Not so long ago, having gone to dinner at a restaurant, I found dumplings with hare and hazelnuts on a Jerusalem artichoke pillow on the menu, and it was not the composition of the dish that struck me at all, but the fact that it was announced as a variation on the theme of peasant cuisine. As part of the same program, the waiter recommended eating chocolates with buckwheat and freeze-dried garlic, but that's another story. In another institution, the other day, more understandable dishes of European cuisine were offered: veal brains, roast in a loaf of bread, soup with chicken offal, chowder with scorched beef. Food with a “folkloric” spirit - both cunning fusion and classics of national cuisines adjusted for modernity - is finally undergoing restoration: it is increasingly taken over by serious chefs and amateur cooks. True, in the process of eating (and paying) such a dinner, a natural question may arise: which of this is really the food of the poor, and which is modern gastronomic fantasies.
When immersed in the trend, it immediately became clear that not everyone sees it: they say, there has always been peasant cuisine. This is true, but, firstly, now it is prepared in gourmet restaurants, and secondly, dishes that are now commonly called peasant dishes are not always such. The observations have been confirmed by Technomic, a food research and consulting agency, which discovers gastronomic trends by talking to restaurateurs, chefs and diners around the world. One of the main culinary trends of 2016, Technomic named the “peasant” vector in gastronomy, or peasant cuisine: “Peasant dishes - traditional or updated, in different forms and combinations - are booming. All kinds of meatballs and sausages, Russian and English pies, Spanish empanadas, French toasts, cheese bread, charcoal vegetables."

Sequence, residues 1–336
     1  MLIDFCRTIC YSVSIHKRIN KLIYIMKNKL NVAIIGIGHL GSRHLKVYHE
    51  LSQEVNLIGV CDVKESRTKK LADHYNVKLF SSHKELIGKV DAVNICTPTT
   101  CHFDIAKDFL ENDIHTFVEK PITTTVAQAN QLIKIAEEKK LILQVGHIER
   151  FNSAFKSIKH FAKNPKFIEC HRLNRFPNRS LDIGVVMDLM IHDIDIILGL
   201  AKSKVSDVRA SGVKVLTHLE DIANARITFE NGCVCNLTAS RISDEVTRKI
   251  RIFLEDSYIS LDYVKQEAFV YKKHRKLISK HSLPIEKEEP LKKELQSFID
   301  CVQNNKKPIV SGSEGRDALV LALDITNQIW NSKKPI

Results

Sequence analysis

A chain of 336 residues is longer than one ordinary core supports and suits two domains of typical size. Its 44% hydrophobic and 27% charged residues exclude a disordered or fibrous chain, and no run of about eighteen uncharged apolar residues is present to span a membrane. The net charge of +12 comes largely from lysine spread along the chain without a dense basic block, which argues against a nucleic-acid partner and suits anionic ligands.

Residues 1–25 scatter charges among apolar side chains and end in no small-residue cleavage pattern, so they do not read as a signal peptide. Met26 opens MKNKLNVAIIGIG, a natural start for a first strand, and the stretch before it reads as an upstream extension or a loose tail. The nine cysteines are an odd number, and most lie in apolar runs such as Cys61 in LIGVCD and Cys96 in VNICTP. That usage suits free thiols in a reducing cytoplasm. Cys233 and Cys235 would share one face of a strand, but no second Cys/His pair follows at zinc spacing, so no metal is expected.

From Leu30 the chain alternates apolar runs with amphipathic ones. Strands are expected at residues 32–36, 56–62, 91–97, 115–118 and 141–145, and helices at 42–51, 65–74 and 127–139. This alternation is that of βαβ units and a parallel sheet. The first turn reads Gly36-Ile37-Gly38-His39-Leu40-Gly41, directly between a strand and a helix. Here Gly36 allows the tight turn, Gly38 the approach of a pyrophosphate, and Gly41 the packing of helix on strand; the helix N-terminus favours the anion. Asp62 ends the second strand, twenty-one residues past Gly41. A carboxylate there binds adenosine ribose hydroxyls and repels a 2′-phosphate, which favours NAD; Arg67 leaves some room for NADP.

It may seem that any national cuisine is the same "poor" cuisine, because hearty and fatty ones are used to being considered peasant. But much of what is now going on under the name of European peasant cuisine in gastronomic reviews - meat stuffed with meat, rich giblets and the like - is more about the feast of Gargantua and Pantagruel than about a poor man's dinner. Such dishes have always been the traditional food of more or less wealthy townspeople, nobles or monks (in many monasteries, asceticism was extremely conditional). This becomes clear, say, from the book by Massimo Montanari "Hunger and Abundance", where the cultural and economic life of Europe is revealed through the history of nutrition of different eras and peoples - from the ancient Romans and Vikings to the French bourgeoisie. In general, all historians agree on one opinion: in the good times, peasant cuisine was relatively decent, but the good times did not happen often.
Until the advent of potatoes, European peasant food consisted mainly of bread: because of it, bread riots happened every now and then, and he himself was far from what they sell to us in gastronomic shops under the guise of a peasant whole-grain baguette. The bread of the villagers consisted not only of flour, but also of stalks, chaff, and sometimes grass and even sawdust. The rest of the daily ration was replenished with butter, cheese, diluted wine and beer, sometimes eggs and a small amount of vegetables, less often with meat preparations, and on holidays with meat stew. European peasants did not know spices and, if they did not live in coastal villages, they did not see fish either.